Skip Nav Destination
Filter
Filter
Filter
Filter
Filter

Update search

Filter

- Title
- Author
- Author Affiliations
- Full Text
- Abstract
- Keyword
- DOI
- ISBN
- EISBN
- ISSN
- EISSN
- Issue
- Volume
- References
- Paper Number

- Title
- Author
- Author Affiliations
- Full Text
- Abstract
- Keyword
- DOI
- ISBN
- EISBN
- ISSN
- EISSN
- Issue
- Volume
- References
- Paper Number

- Title
- Author
- Author Affiliations
- Full Text
- Abstract
- Keyword
- DOI
- ISBN
- EISBN
- ISSN
- EISSN
- Issue
- Volume
- References
- Paper Number

- Title
- Author
- Author Affiliations
- Full Text
- Abstract
- Keyword
- DOI
- ISBN
- EISBN
- ISSN
- EISSN
- Issue
- Volume
- References
- Paper Number

- Title
- Author
- Author Affiliations
- Full Text
- Abstract
- Keyword
- DOI
- ISBN
- EISBN
- ISSN
- EISSN
- Issue
- Volume
- References
- Paper Number

- Title
- Author
- Author Affiliations
- Full Text
- Abstract
- Keyword
- DOI
- ISBN
- EISBN
- ISSN
- EISSN
- Issue
- Volume
- References
- Paper Number

### NARROW

Format

Subjects

Date

Availability

1-4 of 4

Keywords: derivative

Close
**Follow your search**

Access your saved searches in your account

Would you like to receive an alert when new items match your search?

*Close Modal*

Sort by

Proceedings Papers

Publisher: Pipeline Simulation Interest Group

Paper presented at the PSIG Annual Meeting, May 14–17, 2019

Paper Number: PSIG-1923

... the above method requires that we solve a nonlinear system at each time step. In these situations, it may be useful to use an affine method: = + where is the

**derivative**of evaluated at In this case we need only solve a linear system for SDoLE & ASDoLE methods To have a second-order correct method...
Abstract

ABSTRACT This paper defines and studies a simple, efficient method for discretizing pipeline equations in time. In many ways the solutions of pipe flow equations look like the solutions of nonlinear diffusion equations, so it is natural that schemes that work well for diffusion problems might have analogs for pipe flow problems. The method presented here is based on backward Euler (BE). To advance the solution from time t to time t+dt it uses a single step of BE with step size dt and two steps of BE with step size ????/2. The results are then combined to give a second-order correct scheme. This process is called step doubling with local extrapolation (SDoLE) and has been rigorously analyzed for nonlinear diffusion problems in the context of Galerkin spatial discretizations. [1] Here a collocation scheme is the underlying discretization in space and time. The backward Euler that forms the basis of this method is done using a linearization technique instead of solving a nonlinear system. This is extended to minimize the computational costs associated with evaluation of the nonlinearities in the equations. The resulting discretization technique is called affine step doubling with local extrapolation (ASDoLE). The properties of the method are explained by looking first at a scalar ODE and then by presenting examples based on pipeline operation. A single pipe case is given followed by a simple gun barrel example.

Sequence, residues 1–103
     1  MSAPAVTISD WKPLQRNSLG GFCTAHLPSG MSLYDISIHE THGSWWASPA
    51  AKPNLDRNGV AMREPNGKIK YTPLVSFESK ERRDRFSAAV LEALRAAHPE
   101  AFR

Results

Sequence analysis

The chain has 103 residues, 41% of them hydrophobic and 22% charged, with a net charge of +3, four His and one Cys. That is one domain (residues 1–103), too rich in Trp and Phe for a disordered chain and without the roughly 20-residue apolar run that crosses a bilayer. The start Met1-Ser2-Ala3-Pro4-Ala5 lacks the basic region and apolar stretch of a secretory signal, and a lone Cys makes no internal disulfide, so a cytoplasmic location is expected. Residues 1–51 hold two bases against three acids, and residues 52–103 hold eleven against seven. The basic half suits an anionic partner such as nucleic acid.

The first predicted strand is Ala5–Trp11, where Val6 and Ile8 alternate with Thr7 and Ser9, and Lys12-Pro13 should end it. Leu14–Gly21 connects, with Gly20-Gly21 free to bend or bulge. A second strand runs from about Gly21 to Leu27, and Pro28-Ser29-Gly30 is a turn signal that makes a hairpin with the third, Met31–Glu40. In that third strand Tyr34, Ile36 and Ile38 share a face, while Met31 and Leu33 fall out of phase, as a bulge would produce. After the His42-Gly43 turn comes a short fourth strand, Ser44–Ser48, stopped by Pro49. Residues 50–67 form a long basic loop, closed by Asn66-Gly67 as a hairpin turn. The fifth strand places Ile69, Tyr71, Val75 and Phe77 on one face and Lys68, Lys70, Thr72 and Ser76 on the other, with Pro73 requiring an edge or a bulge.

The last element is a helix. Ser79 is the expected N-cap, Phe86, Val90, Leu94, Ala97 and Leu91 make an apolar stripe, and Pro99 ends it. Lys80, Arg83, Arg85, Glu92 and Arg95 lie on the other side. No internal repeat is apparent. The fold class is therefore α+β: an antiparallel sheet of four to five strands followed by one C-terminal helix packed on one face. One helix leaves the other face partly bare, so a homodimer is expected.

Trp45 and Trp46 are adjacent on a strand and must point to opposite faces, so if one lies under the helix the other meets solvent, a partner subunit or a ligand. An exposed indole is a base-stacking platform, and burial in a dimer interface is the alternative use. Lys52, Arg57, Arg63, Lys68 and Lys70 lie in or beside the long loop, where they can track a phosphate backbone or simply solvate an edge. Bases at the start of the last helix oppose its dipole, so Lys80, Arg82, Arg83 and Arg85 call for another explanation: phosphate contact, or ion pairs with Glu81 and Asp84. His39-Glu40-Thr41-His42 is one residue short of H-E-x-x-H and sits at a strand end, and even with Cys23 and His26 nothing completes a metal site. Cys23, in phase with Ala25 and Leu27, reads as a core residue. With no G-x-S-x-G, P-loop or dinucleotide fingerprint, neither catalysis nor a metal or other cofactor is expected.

Proceedings Papers

Publisher: Pipeline Simulation Interest Group

Paper presented at the PSIG Annual Meeting, May 14–17, 2019

Paper Number: PSIG-1932

... of the laboratory data matches values calculated using Ref. 1. The most significant difference is in the

**derivative**of isothermal bulk modulus with pressure which we will discuss at some length. Sonic velocity can be computed directly as the square root of the adiabatic bulk modulus divided by the...
Abstract

ABSTRACT Ultrasonic flow meters, in addition to calculating flow rate, measure the speed of sound in the fluid at the local fluid pressure and temperature. It is desirable to be able to compute the crude oil specific gravity at base (i.e. standard temperature and pressure) conditions from this measurement. However, there is no straightforward way to do this, in large part because there is no accepted standard for computing crude oil sonic velocity as a function of pressure, temperature, and base density. The authors develop an approach for computing sonic velocity for crude oil. Using this as a foundation, they propose a calculation approach to compute crude oil specific gravity as a function of observed speed of sound, pressure, and temperature. OVERVIEW The motivation for this work was to be able to compute crude oil density from sonic velocity, pressure, and temperature. Pipeline companies often have ultrasonic flow meters at pump stations that, as part of measuring flow, compute sonic velocity. Because of cost, densitometers are usually much more sparsely spaced. Since elevation head depends directly on density, a measurement of fluid density can improve hydraulic modeling calculations.

Proceedings Papers

Publisher: Pipeline Simulation Interest Group

Paper presented at the PSIG Annual Meeting, May 12–15, 2015

Paper Number: PSIG-1508

... Abstract This paper proposes a novel model-based leak location method for pipelines. We first formulate the leak location problem into an optimization problem under certain conditions. Then we develop a

**derivative**-based search algorithm to solve that optimization problem. The**derivative**will...